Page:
By autumn, it seemed like everyone was seeking therapy. Depressed people grew more depressed. Eating disorder survivors relapsed. People long-recovered from substance abuse were sitting at home with little else to crave.
Friends who had scoffed at her line of work — deeming it self-indulgent — asked for referrals. Friedman's caseload nearly tripled, and she was now working with children as young as 6.
The kids were like sponges, absorbing their parents' and teachers' stress until the burden was too weighty for play. They weren't creative or silly. They drew pictures of lonely cats. An 8-year-old who hadn't seen his friends in six months had concluded he simply didn't have any.
During sessions, Friedman tried to create a context that mimicked recess or school bus rides: places to take safe risks and process disappointments that are vital to developing personal identity.
Still, the 18-inch window into their lives had its constraints. She couldn't tell when their breathing changed. There was no eye contact to be broken. Friedman couldn't subtly check arms and legs for signs of self-injury or abuse, or sense the distinct energy in a room when a child was keeping a secret.
She learned to ask more direct questions of young clients. But their parents often lingering a few feet away, children could be reluctant. Friedman felt powerless; as if she and her clients were trapped in separate vacuums.
She and Heeger moved into a bigger apartment with office spaces for each of them. The kitchen was brighter, with better baking ambiance. To get time alone, she walked — first a mile, then two, then eight. The New Yorker in her couldn't believe she was walking for leisure, and the therapist in her reminded that there was a difference between healthy exercise and scrambling for control.
They were all elements of grief: denial, resistance, bargaining.
"I could keep adding distance," she said, "but 10 miles a day wouldn't make the pandemic stop."
Then wildfire season arrived. The air filled with smoke as the Northern California skies burned orange. Windows were latched shut.
Trapped inside, Friedman's losses — all that she had missed — began to engulf her. Shopping for a wedding dress with her mother. The births of two cousins. Several friends' weddings. The chance to travel to Washington to present her research. A long-planned 60th birthday trip for her father to see the 2020 Olympics in Japan.
She wouldn't be observing the Jewish holidays in a synagogue. And for the first time ever, she wasn't traveling East for the holidays.
Friedman developed what she calls "compassion fatigue" — an empty tank, but an engine that won't stop revving. She was in a fog for therapy sessions during the day but couldn't put away her work at night. She felt as if her life had become a string of browser tabs: client notes, takeout orders, doomscroll binges.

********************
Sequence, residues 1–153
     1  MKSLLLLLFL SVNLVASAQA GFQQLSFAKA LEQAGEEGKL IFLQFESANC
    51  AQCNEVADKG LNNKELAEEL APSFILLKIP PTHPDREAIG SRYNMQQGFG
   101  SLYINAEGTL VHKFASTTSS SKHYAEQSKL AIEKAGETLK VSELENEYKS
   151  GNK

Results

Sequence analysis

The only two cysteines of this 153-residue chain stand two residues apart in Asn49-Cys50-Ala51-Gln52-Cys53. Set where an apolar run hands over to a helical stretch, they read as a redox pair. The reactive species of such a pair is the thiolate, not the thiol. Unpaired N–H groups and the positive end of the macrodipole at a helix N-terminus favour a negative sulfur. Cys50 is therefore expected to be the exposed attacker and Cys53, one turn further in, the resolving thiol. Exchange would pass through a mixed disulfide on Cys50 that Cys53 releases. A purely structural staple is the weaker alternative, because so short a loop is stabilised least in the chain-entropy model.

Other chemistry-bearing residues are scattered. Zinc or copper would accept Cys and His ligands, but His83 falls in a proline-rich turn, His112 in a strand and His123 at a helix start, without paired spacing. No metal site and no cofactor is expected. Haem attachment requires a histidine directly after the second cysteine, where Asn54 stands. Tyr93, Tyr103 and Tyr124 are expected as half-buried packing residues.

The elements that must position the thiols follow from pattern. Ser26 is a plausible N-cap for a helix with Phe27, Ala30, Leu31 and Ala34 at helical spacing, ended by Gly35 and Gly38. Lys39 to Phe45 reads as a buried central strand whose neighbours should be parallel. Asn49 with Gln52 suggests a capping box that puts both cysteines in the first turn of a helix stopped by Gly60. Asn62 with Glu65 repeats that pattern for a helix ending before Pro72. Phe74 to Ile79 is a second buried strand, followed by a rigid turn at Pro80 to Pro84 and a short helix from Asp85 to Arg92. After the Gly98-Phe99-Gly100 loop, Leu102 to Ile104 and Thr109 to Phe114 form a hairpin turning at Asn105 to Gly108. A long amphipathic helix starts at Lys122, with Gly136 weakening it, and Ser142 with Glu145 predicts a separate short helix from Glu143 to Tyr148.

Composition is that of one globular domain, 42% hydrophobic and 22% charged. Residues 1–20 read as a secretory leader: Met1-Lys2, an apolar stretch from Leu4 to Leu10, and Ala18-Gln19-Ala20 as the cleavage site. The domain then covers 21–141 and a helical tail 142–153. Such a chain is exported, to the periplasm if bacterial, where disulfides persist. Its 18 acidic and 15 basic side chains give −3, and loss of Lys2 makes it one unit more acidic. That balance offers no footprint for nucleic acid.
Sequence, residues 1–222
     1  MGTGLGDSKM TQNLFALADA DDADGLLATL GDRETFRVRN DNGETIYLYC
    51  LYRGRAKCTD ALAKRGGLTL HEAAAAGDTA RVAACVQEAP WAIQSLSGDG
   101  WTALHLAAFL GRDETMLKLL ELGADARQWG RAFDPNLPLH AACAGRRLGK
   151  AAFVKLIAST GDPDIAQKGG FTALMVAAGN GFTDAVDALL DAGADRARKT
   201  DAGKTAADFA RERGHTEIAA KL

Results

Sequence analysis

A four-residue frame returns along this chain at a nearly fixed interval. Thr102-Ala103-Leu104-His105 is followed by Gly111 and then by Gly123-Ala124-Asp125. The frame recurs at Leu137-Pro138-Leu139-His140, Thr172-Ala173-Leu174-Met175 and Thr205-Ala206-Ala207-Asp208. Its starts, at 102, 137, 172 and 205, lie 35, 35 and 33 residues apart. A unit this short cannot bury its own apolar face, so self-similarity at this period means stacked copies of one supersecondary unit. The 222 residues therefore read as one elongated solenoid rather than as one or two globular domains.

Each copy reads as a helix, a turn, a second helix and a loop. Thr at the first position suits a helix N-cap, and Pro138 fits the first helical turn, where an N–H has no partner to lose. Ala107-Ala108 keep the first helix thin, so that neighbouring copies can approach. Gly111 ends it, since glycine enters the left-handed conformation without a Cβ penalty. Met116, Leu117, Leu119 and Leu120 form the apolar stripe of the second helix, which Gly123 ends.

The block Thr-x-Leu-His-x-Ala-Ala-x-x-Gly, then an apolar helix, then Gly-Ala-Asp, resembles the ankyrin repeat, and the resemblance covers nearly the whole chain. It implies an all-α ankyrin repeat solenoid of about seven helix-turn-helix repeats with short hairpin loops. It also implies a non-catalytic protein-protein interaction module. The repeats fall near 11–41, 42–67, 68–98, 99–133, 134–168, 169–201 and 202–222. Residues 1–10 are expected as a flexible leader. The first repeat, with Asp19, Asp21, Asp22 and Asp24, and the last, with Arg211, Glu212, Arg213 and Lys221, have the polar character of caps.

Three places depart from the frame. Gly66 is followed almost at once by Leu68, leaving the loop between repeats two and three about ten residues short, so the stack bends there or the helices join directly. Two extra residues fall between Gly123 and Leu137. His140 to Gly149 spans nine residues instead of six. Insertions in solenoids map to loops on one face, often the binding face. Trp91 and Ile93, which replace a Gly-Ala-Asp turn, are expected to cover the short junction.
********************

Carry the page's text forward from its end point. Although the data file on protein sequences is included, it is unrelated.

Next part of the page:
Friedman felt disembodied, out of touch with her physical space.
With Heeger's encouragement, she shuffled to the kitchen and made chocolate-raspberry-apricot rugelach, posting a snapshot to her Instagram page with the username "@Tart_Therapy." Then, for Rosh Hashanah in September, she made a round cinnamon raisin challah for just the two of them. For Hanukkah: jelly doughnuts. In late December: batches of holiday cookies that looked like they belonged in a French patisserie. She curated bundles of the sweets and delivered them to nearby friends.
Friedman, who doesn't believe in therapists self-disclosing, never told her clients about her obsession. But when she noticed some step-by-step, sensorial equivalent in a client's life — like backyard gardening, or tabletop puzzles — she urged them to indulge.
Last month, after years of chronic back pain and 12 months of frustratingly slow healing, Heeger's steadfast rehab paid off. The last of his doctor's activity restrictions have been lifted.
Friedman these days keeps busy with egg beaters and mixing bowls. Her recipes have evolved into kaleidoscopes of rosemary, matcha and orange cranberry curd. The purpose of therapy, she says, isn't to rid of life's uncertainties, but to learn to embrace what we cannot control.
But some things we can. She chooses the oven's temperature, measures sugar with precision. She ignores her iPhone's breaking news pings. Her fingers are too sticky with dough.©2021 Los Angeles Times. Visit at latimes.com. Distributed by Tribune Content Agency, LLC.